8. What foods are high in FODMAP? Foods that are high in FODMAPs include most dairy products, certain fruits (including apples, pears, cherries, raspberries, watermelons, stone fruit, mango), certain vegetables (including artichokes, asparagus, cabbage, garlic, and mushrooms), certain grains (including wheat, rye, barley, and spelt), most legumes (including soybeans), certain sweeteners (including honey and agave nectar), and some food additives (such as chicory root, inulin, and xylitol).
  9. Good food is good mood. Suffer from FODMAP insensitivity? Try the Low FODMAP Diet.
  10. The low FODMAP diet.
  11. Did you know? The Low FODMAP Diet eliminates certain carbohydrates that may incite IBS symptoms such as bloating, cramps, and diarrhea and reintroduces the items gradually to determine which ones are the triggers for you.
  12. How long should patients stay on the Low FODMAP Diet? The Low FODMAP elimination phase lasts two to four weeks, followed by the reintroduction process, which might last six to eight weeks. This typically involves three visits with a dietitian to tailor diet recommendations, track progress, and maximize outcomes. From there, in most cases, patients can return to eating a varied diet, leaving out the foods determined to be troublesome.
  13. Low FODMAP diet. When going gluten-free doesn’t help your pain.
  14. Low FODMAP foods to eat.
  15. Low FODMAP diet: For 2-6 weeks – swap high FODMAP foods for low FODMAP alternatives. All food groups and nutrients are included. FODMAP reintroduction: Over 8-12 weeks reintroduce: – one FODMAP at a time – one food at a time – over 3 days Increase serving size each day and monitor tolerance. FODMAP personalization: Eventually people will know what they can tolerate and what they cannot. In the long-term, it’s a balance between tolerated FODMAP-rich foods and the avoidance of others.
  16. How to Deal with Constipation on the Low FODMAP Diet. The Low FODMAP Diet is lower in fiber which can be problematic for some people and cause constipation. This means you may need to increase low FODMAP fiber-rich foods and your water intake. If you are struggling with constipation after starting the low FODMAP diet make sure you consult with your dietitian.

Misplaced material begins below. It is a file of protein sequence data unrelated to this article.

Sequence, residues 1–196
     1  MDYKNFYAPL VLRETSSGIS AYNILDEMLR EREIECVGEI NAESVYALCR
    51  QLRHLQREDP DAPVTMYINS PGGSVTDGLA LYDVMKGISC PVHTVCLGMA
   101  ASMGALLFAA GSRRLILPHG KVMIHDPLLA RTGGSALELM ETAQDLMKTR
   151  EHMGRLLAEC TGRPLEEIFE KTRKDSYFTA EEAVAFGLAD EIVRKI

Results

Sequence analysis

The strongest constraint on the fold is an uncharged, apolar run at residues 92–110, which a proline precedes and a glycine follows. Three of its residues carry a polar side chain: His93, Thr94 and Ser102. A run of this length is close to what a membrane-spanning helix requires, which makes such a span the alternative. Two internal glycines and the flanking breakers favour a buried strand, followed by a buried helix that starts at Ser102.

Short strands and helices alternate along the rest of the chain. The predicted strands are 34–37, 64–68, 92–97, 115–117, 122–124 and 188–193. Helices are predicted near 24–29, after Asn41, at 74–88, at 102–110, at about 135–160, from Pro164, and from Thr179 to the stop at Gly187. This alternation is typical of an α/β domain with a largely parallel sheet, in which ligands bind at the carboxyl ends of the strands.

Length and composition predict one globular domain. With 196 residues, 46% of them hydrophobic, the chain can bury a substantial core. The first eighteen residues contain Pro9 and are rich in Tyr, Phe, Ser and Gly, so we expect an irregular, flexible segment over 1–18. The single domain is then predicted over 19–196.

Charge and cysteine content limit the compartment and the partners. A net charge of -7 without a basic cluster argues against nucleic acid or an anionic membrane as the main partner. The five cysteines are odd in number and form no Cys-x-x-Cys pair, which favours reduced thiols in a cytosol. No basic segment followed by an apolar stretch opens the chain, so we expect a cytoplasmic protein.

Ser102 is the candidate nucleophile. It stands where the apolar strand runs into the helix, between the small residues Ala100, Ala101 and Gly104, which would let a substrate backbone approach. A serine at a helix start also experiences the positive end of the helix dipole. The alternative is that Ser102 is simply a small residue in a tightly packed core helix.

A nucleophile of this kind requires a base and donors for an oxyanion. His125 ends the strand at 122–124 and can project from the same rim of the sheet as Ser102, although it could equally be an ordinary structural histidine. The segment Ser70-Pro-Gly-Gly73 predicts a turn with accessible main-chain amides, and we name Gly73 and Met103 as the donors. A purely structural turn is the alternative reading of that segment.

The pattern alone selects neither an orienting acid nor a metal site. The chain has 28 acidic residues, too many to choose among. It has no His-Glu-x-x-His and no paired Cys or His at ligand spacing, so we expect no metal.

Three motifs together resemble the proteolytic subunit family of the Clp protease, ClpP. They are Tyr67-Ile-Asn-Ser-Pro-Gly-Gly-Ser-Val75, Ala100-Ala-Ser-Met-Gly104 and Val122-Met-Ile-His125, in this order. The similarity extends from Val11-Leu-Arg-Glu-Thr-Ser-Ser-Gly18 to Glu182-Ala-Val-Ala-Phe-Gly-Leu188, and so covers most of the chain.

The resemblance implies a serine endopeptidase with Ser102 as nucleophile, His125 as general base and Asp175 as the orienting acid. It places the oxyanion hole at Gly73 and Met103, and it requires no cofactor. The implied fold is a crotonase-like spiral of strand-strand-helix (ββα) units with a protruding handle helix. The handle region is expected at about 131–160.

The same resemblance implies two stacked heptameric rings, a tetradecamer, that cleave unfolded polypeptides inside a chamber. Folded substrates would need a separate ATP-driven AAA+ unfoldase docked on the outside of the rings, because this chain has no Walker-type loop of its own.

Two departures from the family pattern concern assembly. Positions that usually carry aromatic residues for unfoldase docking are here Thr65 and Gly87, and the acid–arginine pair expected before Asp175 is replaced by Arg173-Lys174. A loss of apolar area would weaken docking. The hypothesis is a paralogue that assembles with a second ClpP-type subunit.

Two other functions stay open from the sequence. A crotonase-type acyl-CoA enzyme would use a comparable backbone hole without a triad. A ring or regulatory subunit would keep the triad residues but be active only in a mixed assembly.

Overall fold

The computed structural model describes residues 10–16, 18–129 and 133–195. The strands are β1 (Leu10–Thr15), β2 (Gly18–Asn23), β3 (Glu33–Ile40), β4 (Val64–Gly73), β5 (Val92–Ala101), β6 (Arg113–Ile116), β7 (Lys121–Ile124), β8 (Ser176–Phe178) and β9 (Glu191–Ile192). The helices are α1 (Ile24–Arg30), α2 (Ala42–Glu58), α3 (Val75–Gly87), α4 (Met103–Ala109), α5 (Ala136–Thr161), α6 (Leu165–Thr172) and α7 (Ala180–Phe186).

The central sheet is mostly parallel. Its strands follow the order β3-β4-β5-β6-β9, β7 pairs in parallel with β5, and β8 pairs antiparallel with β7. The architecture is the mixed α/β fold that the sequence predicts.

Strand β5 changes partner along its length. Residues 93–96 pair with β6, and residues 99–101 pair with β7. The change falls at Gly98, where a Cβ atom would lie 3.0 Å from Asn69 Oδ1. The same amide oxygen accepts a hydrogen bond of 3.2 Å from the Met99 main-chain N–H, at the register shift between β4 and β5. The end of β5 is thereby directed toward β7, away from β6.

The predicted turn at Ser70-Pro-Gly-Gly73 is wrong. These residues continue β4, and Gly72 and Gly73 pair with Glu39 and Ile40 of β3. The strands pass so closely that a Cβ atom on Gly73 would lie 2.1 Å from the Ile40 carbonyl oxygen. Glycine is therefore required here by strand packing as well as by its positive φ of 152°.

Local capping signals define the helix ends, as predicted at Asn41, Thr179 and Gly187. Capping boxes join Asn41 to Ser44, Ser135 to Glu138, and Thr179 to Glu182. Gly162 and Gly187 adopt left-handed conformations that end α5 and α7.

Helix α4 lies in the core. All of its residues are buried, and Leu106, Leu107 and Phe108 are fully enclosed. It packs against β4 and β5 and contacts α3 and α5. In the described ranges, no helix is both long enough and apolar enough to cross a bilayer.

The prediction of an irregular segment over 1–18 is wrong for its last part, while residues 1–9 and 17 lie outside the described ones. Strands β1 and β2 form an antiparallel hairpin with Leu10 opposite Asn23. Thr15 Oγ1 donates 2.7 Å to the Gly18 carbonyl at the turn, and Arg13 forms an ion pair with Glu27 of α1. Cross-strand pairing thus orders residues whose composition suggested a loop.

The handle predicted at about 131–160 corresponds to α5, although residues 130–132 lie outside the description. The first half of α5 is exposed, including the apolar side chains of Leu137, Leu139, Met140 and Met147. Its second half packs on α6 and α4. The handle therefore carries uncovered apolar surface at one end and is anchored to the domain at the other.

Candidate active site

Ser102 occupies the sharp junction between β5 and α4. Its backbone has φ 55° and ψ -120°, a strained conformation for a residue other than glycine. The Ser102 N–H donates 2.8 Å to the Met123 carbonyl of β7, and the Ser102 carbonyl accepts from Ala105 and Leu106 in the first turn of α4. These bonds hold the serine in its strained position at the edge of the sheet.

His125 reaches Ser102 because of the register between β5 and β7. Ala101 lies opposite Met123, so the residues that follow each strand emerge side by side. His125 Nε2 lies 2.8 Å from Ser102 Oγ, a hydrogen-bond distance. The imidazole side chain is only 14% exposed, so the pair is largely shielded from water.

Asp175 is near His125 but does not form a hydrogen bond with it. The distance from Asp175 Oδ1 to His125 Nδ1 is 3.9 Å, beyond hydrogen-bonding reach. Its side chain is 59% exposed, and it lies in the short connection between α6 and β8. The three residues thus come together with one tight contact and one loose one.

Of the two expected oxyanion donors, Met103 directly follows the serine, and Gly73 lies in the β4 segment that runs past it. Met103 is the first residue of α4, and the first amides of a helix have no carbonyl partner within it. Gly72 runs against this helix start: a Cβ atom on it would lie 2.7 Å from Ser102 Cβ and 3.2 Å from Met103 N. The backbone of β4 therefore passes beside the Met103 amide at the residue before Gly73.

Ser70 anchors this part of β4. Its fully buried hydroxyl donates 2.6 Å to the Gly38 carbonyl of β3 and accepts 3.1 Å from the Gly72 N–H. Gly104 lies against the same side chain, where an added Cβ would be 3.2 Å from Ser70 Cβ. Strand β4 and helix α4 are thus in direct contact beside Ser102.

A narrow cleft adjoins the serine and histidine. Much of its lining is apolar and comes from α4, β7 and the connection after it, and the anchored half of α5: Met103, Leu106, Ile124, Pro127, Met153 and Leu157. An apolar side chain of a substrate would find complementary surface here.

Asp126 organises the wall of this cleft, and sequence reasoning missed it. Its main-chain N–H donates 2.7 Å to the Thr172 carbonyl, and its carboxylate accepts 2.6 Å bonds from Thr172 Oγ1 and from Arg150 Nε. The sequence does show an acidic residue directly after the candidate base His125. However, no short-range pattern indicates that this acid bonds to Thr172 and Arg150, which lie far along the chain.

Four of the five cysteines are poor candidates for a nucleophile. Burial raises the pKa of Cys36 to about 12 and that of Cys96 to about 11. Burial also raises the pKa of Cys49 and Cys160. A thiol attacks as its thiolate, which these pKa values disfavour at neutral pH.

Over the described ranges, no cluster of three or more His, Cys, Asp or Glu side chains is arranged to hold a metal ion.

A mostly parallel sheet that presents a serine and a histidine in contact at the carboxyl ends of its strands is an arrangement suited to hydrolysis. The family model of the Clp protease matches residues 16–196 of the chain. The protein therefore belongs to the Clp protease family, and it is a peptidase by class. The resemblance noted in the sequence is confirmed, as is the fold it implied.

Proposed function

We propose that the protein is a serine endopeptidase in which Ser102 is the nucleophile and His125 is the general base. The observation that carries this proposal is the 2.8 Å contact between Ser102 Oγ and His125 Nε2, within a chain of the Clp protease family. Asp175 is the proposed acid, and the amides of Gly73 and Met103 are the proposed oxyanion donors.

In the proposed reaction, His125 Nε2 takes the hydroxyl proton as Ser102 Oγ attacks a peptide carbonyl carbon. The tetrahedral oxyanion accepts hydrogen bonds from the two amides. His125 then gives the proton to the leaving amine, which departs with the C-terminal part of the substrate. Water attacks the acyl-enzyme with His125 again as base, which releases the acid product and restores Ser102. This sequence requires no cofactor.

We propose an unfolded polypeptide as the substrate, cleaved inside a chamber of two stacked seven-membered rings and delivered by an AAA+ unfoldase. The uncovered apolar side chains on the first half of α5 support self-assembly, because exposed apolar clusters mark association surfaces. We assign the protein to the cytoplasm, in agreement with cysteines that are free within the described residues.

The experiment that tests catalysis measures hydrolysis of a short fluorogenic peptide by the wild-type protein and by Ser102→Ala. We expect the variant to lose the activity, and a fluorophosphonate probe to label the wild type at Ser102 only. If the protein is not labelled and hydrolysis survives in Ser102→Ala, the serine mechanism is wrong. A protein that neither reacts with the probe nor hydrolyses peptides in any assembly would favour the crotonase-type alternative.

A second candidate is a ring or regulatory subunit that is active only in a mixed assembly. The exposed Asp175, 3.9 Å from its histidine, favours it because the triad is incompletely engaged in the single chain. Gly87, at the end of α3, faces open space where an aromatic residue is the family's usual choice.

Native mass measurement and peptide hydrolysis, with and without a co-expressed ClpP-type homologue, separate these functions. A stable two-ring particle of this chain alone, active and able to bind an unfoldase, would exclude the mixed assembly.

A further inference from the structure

17. How Do FODMAPs Affect People with IBS? FODMAPS in food > Small intestine > Delivery of water through bowels (Diarrhea) > Large intestine (Gut) > Gas production, bloating, distension, flatulence, abdominal pain, constipation. Unhealthy bacteria. Health Bacteria. Gas.
  18. Did you know? FODMAPs are small carbs that many people cannot digest — particularly those with irritable bowel syndrome (IBS). In some individuals, FODMAPs are poorly digested, so they end up reaching the colon. They draw water into the intestine and get fermented by hydrogen-producing gut bacteria.
  19. Why do FODMAPs trigger symptoms for individuals with IBS? FODMAPs pull water into the intestine like a water balloon. Gut microbes ferment FODMAPs creating gas like a hot air balloon ready for take-off.
  20. Can I be successful on the low FODMAP diet if I’m a vegetarian? You can be successful on the low FODMAP diet if you’re a vegetarian or a vegan, but it may be more difficult for you than your carnivorous friends. FODMAPs are only found in foods that contain carbohydrates, such as grains, vegetables, beans, nuts, seeds, and fruit – all of which are staples of a healthy vegetarian diet. Consult with your health professional to learn more.
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  • Canva templates
  • Includes 20 ready-made Images
  • All images are high resolution PNG
  • Includes fully editable Canva template
  • Includes 20 social media post captions
  • Add your own branding!

Share this: